Home World How often total solar eclipses happen — and why Monday’s was so rare

How often total solar eclipses happen — and why Monday’s was so rare

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How often total solar eclipses happen — and why Monday’s was so rare

Washington
A rare total solar eclipse drew a “path of totality” over North America, throwing swaths of the United States, Canada and Mexico into darkness in the middle of the day.
A solar eclipse occurs when the moon passes between the Earth and the sun, blocking our view of the sun as it passes. It’s called a total solar eclipse when the moon completely blocks the light of the sun. These events are rare, and can only be viewed in specific areas for short periods of time.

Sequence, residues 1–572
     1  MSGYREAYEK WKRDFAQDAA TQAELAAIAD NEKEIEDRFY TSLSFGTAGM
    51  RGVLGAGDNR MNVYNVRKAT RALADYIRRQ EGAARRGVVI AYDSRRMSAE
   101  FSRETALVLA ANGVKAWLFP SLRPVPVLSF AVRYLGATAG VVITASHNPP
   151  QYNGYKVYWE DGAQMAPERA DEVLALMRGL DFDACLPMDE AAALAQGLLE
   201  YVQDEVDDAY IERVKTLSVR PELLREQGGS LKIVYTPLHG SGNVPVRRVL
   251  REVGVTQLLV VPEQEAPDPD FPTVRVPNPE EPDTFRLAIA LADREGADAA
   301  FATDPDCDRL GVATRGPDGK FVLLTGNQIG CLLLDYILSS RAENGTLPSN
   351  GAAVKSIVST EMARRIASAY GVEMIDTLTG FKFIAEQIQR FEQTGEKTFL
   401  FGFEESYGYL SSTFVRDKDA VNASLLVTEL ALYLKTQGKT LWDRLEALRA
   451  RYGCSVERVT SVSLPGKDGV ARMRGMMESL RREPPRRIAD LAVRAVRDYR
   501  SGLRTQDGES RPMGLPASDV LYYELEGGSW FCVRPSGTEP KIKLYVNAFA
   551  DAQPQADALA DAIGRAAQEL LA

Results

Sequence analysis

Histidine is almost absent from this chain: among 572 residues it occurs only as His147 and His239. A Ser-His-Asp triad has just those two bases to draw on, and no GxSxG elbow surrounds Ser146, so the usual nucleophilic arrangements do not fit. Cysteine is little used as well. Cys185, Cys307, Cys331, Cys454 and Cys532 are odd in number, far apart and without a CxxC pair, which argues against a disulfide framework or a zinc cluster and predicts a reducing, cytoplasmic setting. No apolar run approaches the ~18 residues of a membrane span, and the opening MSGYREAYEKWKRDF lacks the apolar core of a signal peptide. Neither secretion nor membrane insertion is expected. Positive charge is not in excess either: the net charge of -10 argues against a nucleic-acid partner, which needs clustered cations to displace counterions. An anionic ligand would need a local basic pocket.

The path of totality for the 2024 total solar eclipse stretched from Texas to the East Coast. Cities including Dallas, Texas; Buffalo, New York; and Burlington, Vermont, were among the areas with the best views.
Total solar eclipses are rare, and ones that are visible from the United States are even rarer. The events occur every one to three years somewhere around the globe, but are often only visible from Earth’s poles or from the middle of the ocean.
A number of factors go into enjoying a total solar eclipse. Viewers need clear skies to ensure the phenomenon isn’t blocked by clouds, and only those within the path of totality will see the full effect of the sun being blotted out. Those outside the path of totality can still observe a partial eclipse, when the moon covers some, but not all, of the sun, NASA said.
The next total solar eclipse will be on Aug. 12, 2026, according to NOAA. This eclipse will be viewable from the Arctic, eastern Greenland, northern Spain and Iceland.
Those looking to see a total solar eclipse in the United States will have to wait significantly longer. A total solar eclipse won’t occur in the contiguous U.S. until August 2044.